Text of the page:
Introduction to Ruby -
A simple introduction to basic Ruby
The Pragmatic Programmer's Guide - "The Pickaxe
Book" is a more comprehensive overview of Ruby. It's an
online version of the first edition of a printed Ruby
book. The only thing to keep in mind is that it covers
Ruby 1.6, while you can buy the printed version which covers
the current Ruby 1.8. We probably won't do anything
for this course where the difference between version
1.6 and 1.8 would make much difference. There's a lot
of information here which you won't need- the most
relevant sections are the first fourteen listed (the
first up through "Basic Input and Output"), then "When
Trouble Strkes", "Ruby and Its World", and
"The Ruby Language" and
"Classes and Objects". These last two are good
summary references for the language.
- Ruby Class Reference
- ruby-lang.org -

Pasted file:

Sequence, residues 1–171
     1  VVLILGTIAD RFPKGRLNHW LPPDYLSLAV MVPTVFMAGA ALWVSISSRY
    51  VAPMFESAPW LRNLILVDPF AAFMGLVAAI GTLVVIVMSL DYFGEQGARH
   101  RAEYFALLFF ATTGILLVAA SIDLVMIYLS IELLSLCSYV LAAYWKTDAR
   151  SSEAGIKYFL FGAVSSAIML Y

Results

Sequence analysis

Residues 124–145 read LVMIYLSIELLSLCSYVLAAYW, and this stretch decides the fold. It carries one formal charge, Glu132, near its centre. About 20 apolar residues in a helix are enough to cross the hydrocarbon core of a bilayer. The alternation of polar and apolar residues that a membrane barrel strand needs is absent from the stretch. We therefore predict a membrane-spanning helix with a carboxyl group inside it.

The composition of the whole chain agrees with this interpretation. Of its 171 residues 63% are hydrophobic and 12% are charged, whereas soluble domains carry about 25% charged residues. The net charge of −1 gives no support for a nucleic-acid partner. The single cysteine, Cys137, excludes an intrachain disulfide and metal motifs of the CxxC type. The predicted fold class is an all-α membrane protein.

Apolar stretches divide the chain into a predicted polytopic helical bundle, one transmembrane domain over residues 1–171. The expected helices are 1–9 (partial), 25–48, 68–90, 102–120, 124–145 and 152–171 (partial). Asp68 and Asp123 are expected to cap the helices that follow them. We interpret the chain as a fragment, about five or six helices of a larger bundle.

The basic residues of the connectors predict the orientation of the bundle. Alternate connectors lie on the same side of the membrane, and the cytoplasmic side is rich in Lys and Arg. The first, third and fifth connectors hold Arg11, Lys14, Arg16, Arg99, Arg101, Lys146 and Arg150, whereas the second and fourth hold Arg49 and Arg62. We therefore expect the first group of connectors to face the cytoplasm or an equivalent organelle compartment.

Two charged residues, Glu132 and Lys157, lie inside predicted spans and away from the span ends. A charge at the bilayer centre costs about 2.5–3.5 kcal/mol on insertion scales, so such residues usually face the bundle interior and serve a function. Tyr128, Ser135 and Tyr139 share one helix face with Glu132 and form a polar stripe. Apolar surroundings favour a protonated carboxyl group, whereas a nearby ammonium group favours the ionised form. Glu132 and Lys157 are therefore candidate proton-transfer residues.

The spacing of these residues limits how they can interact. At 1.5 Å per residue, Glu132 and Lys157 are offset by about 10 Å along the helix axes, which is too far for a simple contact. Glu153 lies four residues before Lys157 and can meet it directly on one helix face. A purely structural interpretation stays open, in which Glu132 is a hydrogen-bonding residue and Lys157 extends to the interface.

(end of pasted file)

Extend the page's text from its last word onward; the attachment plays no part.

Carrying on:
The main Ruby website. Here you can download Ruby for
both Linux/UNIX and Windows systems.
Ruby reference manuals - A list from ruby-lang.org
of Ruby reference manuals, online sources of Ruby
information (some of the ones which will probably be
more useful are mentioned specifically below), and Ruby
articles. If you want to buy a printed book about Ruby
several are listed.
Ruby User's Guide - An English translation of a
book written by the designer of the language. More of
a language reference than a tutorial.
- Ruby Central
- Another website about Ruby. It has a Ruby FAQ which
may have answers to some questions you might have.
Formal grammars and finite automata
Other relevant texts
Previous required texts for CMSC 330 have chapters on relevant topics
covered in this course. If the lecture notes are insufficient, look for these
books. They should be available in the university library.
Concepts of Programming Languages (Seventh Edition) by R. Sebesta,
Addison Wesley (2006) (ISBN 0-321-33025-0).
Programming Languages: Design and Implementation (Fourth Edition)
by T. Pratt and M. Zelkowitz, Prentice Hall (2001) (ISBN 0-13-027678-2).